Ottoman cannonballs removed from water
With the permission of the Culture and Tourism Ministry, the Selçuk University Underwater Archaeology Department and Underwater Research and Application Center have worked to remove the cannonballs in various spots in the sea.
Eight cannonballs weighing between 400 kilograms and 1,000 tons were attached to lifting balloons and removed from the sea. The cannonballs were then transferred to the Antalya Museum.
Antalya Museum Director Mustafa Demirel said they had detected the Ottoman-era galleys and cannonballs and anchors of warships last year on the coastline from Antalya to Mersin in the Mediterranean.
“The cannonballs, which are close to the coast, had been seen by tourists who have informed the museum about them. The surface survey was finished last year. The cannonballs that had been found by tourists on these coasts were the ones that had been detected previously. We have removed them to prevent any smuggling and damage,” said Demirel.
Selçuk University’s Underwater Research and Application Center Director Hakan Öniz said the sea posed a risk for the cannonballs and they had acted with the intention of protecting the cultural assets.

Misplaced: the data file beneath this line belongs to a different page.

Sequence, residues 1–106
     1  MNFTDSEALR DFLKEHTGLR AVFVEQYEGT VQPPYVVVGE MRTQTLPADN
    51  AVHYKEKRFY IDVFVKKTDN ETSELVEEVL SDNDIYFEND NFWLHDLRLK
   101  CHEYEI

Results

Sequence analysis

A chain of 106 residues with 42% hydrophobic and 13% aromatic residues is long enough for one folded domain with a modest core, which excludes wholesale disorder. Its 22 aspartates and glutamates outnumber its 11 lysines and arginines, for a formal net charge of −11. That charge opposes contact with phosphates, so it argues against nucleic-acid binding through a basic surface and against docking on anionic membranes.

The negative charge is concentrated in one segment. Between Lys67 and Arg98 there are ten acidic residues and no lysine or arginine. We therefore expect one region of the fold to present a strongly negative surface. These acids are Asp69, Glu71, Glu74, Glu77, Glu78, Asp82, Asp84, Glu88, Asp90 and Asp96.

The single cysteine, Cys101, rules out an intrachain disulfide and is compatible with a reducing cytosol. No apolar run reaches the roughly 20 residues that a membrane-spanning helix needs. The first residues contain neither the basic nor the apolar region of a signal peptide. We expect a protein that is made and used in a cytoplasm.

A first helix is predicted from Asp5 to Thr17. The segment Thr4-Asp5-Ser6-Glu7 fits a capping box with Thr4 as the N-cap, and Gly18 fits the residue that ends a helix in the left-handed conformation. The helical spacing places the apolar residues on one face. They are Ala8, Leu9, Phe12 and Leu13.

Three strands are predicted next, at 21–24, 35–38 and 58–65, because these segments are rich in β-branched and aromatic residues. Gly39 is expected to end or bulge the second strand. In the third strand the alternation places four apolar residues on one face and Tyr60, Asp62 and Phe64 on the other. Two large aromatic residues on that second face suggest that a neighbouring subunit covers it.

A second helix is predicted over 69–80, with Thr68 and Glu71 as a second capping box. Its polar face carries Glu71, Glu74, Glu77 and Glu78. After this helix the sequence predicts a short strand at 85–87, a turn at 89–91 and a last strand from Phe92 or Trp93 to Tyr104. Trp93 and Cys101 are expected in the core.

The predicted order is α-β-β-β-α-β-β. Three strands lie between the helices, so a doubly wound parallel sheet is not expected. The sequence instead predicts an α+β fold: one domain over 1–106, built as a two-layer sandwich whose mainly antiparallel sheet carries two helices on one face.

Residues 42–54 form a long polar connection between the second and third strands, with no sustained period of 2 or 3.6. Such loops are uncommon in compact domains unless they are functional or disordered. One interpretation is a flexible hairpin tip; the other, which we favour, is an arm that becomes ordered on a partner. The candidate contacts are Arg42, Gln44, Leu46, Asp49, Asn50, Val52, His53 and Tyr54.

Öniz said the underwater findings belonged to at least three shipwrecks.
“For the past month, we have been working on removing the cannonballs that probably belonged to Ottoman warships, which sank in a storm nearly 300 years ago. The remains of the cannonballs have been known for 20-25 years and are in the records of the Antalya Museum. These cannonballs have come to light in the last year or two. They are different weights and are pretty heavy,” he said.
Öniz, who is also the head of Selçuk University Underwater Archaeology Department, said it was not difficult for them to remove a heavy object from the sea because they had applied some techniques.
The iron balls, which are covered with sand and pebbles from oxidation in the sea, were removed by lifting balloons filled with air.
“Air brings them to the surface of the sea. We carry them to the ship on the surface of the sea. Afterwards, they are taken by the ship’s cranes. They are placed one by one in special pools in the Antalya Museum by experts. We currently have a team of 10 people, who are underwater archaeology postgraduate students. This department specializes in underwater archaeology and we work on archaeological artifacts in Mersin and Antalya. As part of the UNESCO program, we also host students from various countries in the summer months,” Öniz said.
He said they had removed the first bronze cannonball from the same region four years ago. Öniz also said the cannonballs would be cleaned and repaired by the Antalya Museum.